Program helps students get real-world work experience

Before they graduate, some high school students are getting experience making their own products, setting prices, tracking inventory and balancing the books.

The goal is to show the students at The Crossing Educational Center how to run a business. Instead of merely teaching students the basics of accounting or marketing from a textbook, the alternative educational center in Whiteland is having the students run their own store, where they make and sell wood-based products.

What started as a team of eight students making items in the spring will be a business that has grown three times that size starting this fall. The Crossing received a grant for nearly $26,000 from the Johnson County Community Foundation to fund the store, regional job training coordinator Erick Russell said.

The grant will cover about half of the materials and costs, such as purchasing new machines or paying for advertisements, but sales must cover the other half, including the teacher’s salary and benefits, Russell said. Starting this fall, The Crossing wants 25 students to participate in the microbusiness project, Russell said.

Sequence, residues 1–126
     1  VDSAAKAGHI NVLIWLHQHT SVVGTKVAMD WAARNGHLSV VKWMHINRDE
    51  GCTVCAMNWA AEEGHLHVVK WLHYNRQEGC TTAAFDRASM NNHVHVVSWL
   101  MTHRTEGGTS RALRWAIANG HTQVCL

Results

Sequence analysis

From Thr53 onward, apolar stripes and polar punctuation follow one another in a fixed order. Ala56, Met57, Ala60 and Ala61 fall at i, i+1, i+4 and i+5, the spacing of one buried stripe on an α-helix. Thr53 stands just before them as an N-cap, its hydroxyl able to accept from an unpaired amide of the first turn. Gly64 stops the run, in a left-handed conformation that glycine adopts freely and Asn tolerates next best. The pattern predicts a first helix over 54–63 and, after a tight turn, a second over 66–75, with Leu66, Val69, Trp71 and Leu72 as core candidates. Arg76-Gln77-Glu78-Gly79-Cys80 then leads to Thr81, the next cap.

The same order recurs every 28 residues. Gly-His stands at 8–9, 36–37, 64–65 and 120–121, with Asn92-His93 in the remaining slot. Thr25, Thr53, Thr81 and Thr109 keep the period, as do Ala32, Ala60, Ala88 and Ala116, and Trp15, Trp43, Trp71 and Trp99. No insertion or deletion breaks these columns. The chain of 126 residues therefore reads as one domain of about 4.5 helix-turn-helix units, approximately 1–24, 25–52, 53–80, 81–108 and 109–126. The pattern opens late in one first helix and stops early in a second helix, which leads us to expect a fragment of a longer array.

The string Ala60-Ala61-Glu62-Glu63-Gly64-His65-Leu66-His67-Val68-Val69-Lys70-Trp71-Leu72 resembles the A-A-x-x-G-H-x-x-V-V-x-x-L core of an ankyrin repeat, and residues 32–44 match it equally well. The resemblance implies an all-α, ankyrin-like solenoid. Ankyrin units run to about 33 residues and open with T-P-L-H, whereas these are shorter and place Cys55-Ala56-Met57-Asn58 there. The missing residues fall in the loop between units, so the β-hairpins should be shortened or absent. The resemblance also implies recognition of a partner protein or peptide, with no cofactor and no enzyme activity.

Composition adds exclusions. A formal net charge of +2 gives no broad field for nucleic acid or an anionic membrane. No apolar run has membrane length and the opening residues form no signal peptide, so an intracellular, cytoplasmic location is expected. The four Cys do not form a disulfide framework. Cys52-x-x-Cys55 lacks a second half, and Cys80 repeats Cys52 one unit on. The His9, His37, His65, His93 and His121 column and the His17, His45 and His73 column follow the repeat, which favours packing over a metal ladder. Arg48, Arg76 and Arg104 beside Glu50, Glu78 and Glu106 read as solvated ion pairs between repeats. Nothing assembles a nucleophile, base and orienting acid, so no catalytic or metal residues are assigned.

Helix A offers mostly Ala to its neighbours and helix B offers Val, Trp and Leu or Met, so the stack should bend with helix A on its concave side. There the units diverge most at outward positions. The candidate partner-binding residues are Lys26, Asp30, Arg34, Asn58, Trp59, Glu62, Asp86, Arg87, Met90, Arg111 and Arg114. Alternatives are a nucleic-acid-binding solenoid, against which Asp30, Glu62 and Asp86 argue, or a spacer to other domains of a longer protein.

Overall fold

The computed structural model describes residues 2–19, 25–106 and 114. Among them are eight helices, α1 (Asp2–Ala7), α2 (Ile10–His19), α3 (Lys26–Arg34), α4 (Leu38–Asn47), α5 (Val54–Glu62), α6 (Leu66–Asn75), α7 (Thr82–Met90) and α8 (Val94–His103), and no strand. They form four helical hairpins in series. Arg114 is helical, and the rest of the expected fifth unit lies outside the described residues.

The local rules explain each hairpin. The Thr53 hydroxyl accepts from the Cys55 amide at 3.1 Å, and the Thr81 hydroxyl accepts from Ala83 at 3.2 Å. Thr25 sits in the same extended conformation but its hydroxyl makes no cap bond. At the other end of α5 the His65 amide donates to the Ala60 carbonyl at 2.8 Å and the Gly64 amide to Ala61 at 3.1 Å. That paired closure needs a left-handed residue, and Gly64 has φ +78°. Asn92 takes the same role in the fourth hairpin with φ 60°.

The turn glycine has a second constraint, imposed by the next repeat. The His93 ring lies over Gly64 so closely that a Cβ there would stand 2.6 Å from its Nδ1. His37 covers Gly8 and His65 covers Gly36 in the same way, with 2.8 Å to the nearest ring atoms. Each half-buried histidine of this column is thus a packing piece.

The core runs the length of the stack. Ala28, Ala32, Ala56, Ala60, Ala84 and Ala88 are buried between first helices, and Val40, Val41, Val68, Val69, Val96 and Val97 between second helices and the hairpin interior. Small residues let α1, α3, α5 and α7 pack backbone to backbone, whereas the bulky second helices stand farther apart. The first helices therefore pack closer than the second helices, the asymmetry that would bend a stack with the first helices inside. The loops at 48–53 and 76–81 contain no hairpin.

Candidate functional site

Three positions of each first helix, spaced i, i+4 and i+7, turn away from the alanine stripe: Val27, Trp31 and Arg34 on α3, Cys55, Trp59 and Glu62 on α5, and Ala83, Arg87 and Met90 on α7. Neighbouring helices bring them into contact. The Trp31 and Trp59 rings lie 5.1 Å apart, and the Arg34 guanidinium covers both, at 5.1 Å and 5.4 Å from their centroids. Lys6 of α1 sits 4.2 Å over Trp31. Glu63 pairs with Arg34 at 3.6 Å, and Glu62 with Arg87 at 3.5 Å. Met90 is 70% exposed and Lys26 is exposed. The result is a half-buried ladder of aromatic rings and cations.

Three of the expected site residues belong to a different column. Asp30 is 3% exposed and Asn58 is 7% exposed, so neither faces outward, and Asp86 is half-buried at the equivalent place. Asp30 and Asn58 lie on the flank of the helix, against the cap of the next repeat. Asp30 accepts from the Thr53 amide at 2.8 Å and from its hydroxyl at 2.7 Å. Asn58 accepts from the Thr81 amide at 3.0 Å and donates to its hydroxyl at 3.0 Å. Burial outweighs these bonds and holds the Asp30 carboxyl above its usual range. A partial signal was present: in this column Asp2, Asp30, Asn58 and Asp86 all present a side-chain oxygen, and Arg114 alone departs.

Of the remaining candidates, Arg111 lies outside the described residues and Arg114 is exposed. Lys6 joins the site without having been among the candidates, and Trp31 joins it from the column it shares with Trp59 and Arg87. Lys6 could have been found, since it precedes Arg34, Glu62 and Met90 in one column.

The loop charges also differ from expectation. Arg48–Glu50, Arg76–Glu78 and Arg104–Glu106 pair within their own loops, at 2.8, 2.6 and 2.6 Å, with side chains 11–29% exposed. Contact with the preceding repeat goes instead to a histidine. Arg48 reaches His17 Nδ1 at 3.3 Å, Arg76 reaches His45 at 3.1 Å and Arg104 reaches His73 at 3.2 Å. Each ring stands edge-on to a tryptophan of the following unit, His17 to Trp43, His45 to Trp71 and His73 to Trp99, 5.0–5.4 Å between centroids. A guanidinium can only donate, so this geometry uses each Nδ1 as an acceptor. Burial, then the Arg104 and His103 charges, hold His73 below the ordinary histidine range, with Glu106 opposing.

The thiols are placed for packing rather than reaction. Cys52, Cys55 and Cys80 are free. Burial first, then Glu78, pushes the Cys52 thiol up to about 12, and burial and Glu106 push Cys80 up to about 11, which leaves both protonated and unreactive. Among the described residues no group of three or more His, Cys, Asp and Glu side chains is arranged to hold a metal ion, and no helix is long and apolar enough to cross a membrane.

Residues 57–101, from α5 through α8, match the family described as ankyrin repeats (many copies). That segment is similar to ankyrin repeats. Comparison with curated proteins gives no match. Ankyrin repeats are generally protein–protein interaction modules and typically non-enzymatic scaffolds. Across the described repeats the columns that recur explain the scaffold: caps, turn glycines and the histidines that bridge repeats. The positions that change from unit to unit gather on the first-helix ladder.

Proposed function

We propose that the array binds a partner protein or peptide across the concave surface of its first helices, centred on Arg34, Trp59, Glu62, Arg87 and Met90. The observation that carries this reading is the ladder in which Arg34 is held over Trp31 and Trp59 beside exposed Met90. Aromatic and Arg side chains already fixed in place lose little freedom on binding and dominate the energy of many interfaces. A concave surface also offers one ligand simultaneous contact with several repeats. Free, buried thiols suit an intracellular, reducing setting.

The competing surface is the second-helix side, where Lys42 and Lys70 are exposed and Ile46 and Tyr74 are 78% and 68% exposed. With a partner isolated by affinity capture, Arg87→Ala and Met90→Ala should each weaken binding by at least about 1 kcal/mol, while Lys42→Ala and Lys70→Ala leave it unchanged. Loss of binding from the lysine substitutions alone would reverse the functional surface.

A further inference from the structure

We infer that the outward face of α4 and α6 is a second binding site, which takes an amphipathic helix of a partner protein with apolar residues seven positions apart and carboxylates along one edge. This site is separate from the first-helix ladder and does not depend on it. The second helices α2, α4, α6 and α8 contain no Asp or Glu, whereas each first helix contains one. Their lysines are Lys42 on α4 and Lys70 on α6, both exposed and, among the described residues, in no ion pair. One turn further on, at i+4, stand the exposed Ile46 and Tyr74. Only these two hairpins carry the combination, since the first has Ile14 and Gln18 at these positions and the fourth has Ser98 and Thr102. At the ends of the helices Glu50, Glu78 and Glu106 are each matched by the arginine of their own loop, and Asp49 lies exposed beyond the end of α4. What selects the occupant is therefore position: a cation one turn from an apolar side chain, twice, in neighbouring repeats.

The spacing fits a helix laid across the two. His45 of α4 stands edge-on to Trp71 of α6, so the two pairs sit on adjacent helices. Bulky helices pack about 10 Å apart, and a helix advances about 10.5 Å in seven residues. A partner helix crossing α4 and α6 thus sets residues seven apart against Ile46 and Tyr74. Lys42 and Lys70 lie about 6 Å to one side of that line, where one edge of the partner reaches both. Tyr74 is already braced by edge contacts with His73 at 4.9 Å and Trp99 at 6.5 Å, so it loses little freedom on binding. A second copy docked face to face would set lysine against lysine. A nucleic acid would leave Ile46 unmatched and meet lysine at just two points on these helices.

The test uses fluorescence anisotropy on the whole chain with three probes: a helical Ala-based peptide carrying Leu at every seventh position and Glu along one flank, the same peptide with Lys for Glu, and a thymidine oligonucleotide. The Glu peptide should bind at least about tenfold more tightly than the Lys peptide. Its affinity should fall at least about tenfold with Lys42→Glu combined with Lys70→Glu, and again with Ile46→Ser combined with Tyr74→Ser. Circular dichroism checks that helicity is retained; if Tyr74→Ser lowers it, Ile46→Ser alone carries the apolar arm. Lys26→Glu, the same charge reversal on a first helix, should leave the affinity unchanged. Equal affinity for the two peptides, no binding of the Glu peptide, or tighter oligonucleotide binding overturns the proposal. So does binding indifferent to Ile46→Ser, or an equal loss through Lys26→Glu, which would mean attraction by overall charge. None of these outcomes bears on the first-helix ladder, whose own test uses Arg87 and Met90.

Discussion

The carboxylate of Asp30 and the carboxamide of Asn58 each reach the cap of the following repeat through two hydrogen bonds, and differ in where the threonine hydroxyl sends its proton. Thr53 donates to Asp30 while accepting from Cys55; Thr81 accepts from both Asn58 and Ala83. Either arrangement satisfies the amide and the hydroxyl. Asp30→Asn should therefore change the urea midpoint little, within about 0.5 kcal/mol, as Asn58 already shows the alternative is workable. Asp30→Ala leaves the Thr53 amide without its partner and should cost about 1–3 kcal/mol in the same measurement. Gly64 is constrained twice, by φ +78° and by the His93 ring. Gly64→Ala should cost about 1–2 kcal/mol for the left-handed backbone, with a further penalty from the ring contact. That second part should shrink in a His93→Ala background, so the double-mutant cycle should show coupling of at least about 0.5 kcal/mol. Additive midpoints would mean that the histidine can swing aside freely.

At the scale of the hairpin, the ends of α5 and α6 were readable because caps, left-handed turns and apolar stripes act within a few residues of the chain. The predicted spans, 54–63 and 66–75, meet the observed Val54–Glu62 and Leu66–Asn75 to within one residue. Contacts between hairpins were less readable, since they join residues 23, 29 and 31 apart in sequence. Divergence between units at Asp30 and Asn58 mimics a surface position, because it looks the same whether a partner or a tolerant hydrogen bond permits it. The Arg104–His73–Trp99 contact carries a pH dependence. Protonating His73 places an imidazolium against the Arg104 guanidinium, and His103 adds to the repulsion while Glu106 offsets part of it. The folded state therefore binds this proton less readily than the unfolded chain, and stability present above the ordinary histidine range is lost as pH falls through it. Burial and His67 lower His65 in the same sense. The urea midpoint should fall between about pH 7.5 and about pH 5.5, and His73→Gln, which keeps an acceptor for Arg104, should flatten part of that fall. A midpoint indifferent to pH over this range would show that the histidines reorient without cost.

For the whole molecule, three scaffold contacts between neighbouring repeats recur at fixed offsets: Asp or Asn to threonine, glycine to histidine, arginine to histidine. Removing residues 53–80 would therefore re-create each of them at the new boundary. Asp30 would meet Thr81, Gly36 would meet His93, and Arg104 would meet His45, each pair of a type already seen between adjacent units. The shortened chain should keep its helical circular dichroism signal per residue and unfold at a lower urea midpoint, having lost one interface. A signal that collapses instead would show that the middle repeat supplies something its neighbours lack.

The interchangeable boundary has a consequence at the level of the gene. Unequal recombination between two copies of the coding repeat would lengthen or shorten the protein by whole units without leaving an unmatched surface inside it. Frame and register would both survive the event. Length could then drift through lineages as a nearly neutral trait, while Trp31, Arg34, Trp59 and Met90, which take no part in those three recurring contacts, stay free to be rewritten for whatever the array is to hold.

“A microbusiness is a completely student-facilitated, student-led business,” Russell said. “Students are responsible for operating, managing, leading a business. An instructor is facilitating this, but students are the stakeholders.”

The microbusiness allows students to apply their school courses in a real-world scenario, and the business will not survive if the students don’t keep it afloat, Russell said. When students aren’t in their academic courses, they are either making products, checking their inventory of raw materials or updating the business’s accounting spreadsheets, Russell said.

The Crossing Educational Center opened one year ago, and students from Greenwood and Clark-Pleasant school districts can attend the school as an alternative to their home high schools. The Crossing usually contacts students who decided to drop out of high school and offers to let them finish their diploma or earn their equivalency diploma.

Rather than having students stay in classrooms throughout the day, teenagers can operate and manage a business, intern at a local company or work for a hospital or business in the area for credit.

For their microbusiness, students are making benches, shelves and wine racks. If a certain product, such as a wine rack, sells faster than other items, students need to determine if the price should be raised or if they have enough materials to make more wine racks in the future, Russell said.

If a product does not sell well, students need to find out why. A product may not be advertised well enough, the price is too high or the demand might not be there, Russell said.

Students may have called multiple customers about a picnic table, but maybe none has enough space in the backyard, for example, Russell said. Students learn what sales tactics are useful for their future careers, he said.

The students’ store sells items through open houses or sale days announced on social media, Russell said. Now that they’re expanding, the students may contact local shop owners to have their products sold in stores, he said.